Astrocytes, cellular hotspots and Stockholm syndrome

2 min read

Today, we have a few promising reports on research into Glioblastoma, which is also a major focus of our Research Centre at QMUL.

Glioblastoma develops from astrocytes, star-shaped brain cells that help protect the brain from diseases in the blood and provide the brain’s neurons with nutrients. Glioblastoma cells have more genetic abnormalities than the cells of other types of astrocytoma brain cancer. Now researchers have identified an oncogene responsible for this cancer. Advillin (AVIL) was overexpressed in all the glioblastomas tested including glioblastoma stem/initiating cells, but hardly detectable in non-neoplastic astrocytes, neural stem cells or normal brain. The researchers wrote. “The novel oncogene we discovered promises to be an Achilles’ heel of glioblastoma, with its specific targeting potentially an effective approach for the treatment of the disease.”

Stockholm syndrome is a psychological response in which hostages or abuse victims develop an emotional bond with their captors or abusers. New research suggests a novel explanation for glioblastoma aggression: Glioblastoma cells are able to reprogram key immune cells to promote tumour growth rather than fight it. These cancer cells appear to ‘brainwash’ our own immune cells and convert them from cells that fight cancer to cells that promote cancer. Scientists hope that knowing this they can now reverse this cellular version of the Stockholm syndrome.

The FDA has recommended early termination of the ongoing Phase 2 clinical trial titled ERC1671/GM-CSF/Cyclophosphamide for the Treatment of Glioblastoma major advance for the clinical development of ERC1671, a cell-based immunotherapy currently under development for the treatment of recurrent glioblastoma

The urgent need to fully understand the cancer biology of glioblastoma is thwarted by the lack of a suitable disease model that mimics the cerebral microenvironment. In recent times, cerebral organoids, the self-assembling three-dimensional cellular models derived from stem cells, have opened up the possibility of replicating the brain’s milieu to closely examine and study glioblastomas. This interview with Dr. Richa Singhania, Director of the Starr Foundation Glionoid Translational Core at Weill Cornell Medicine, discusses the key considerations in successfully recreating gliomas in a dish.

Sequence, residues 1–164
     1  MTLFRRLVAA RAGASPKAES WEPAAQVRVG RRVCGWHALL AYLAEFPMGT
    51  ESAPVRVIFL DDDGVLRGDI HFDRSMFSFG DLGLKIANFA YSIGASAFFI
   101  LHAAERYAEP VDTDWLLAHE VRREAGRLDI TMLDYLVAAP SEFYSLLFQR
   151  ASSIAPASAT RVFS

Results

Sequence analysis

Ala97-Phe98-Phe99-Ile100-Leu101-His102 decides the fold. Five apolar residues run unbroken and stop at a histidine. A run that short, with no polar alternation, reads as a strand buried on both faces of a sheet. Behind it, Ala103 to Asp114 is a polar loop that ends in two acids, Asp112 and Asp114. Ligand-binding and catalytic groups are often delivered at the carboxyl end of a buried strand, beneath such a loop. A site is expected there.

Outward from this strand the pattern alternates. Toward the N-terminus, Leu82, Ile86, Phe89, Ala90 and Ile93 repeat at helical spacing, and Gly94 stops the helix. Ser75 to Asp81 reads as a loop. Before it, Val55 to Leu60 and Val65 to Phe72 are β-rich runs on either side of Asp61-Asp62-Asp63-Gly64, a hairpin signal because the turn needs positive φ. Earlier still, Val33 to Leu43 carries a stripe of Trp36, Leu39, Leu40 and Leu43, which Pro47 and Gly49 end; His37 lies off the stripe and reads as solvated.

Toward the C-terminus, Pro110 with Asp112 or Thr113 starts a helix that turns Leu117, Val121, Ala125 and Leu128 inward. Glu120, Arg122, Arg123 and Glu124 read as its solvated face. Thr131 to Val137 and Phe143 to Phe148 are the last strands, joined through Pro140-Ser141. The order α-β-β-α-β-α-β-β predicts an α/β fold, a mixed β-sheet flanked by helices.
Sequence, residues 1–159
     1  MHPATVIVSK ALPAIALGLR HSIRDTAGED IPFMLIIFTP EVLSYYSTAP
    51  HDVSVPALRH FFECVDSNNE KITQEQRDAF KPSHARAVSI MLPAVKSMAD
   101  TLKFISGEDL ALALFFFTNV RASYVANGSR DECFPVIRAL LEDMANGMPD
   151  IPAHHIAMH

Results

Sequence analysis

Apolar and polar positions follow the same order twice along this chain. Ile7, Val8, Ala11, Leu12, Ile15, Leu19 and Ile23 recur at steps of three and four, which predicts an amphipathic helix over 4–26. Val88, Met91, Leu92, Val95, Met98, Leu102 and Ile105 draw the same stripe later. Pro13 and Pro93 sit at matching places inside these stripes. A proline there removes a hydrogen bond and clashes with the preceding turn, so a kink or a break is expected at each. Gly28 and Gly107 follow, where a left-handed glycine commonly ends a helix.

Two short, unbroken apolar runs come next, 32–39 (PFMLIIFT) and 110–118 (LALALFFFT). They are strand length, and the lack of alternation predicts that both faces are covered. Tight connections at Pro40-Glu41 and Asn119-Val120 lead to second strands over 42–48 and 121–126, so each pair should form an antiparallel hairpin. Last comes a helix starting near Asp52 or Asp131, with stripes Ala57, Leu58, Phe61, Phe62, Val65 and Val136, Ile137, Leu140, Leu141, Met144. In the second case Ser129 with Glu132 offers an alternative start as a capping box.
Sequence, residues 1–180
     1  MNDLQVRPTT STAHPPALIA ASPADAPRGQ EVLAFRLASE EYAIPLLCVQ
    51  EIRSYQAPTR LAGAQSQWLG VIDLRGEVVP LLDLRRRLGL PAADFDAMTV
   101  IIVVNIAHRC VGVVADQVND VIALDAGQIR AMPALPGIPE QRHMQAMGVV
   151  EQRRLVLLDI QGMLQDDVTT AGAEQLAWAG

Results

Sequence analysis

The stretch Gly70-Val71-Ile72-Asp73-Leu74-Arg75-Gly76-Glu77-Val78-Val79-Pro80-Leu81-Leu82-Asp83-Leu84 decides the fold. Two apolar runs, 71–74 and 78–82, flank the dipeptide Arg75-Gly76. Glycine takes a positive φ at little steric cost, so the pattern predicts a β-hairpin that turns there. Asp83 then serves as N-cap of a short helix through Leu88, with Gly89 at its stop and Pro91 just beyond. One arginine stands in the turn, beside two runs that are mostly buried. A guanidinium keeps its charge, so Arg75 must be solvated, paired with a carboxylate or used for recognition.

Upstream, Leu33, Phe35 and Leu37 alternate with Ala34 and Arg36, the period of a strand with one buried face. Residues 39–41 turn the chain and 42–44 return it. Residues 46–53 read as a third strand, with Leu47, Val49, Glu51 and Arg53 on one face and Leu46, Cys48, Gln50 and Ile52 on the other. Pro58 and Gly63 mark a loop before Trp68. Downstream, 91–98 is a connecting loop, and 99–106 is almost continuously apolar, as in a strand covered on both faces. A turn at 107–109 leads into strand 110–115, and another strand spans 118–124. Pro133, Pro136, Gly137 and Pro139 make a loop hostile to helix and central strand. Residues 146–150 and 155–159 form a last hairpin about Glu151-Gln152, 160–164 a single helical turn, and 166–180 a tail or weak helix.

Researchers have found small clusters of cells in the brain that identify locations where tumours could become malignant. The study analysed pieces of living human brain tissue from 20 people undergoing brain tumour surgery and the researchers found groups of tumour cells clustered around blood vessels and believe that these cellular “hotspots” could be the seedbeds for malignant progression, the process by which a tumour becomes a fast growing and uncontrolled cancer.

Today’s final update concerns research presented during last week’s virtual American Association for Cancer Research Annual meeting evidences that a novel CAR-T therapy shows ‘promising early signs of clinical efficacy’ for diffuse midline gliomas. Three of four patients who received an investigational chimeric antigen receptor T-cell therapy for diffuse midline glioma showed tumour regression and improvement in neurologic symptoms, according to early results of this phase 1 study.

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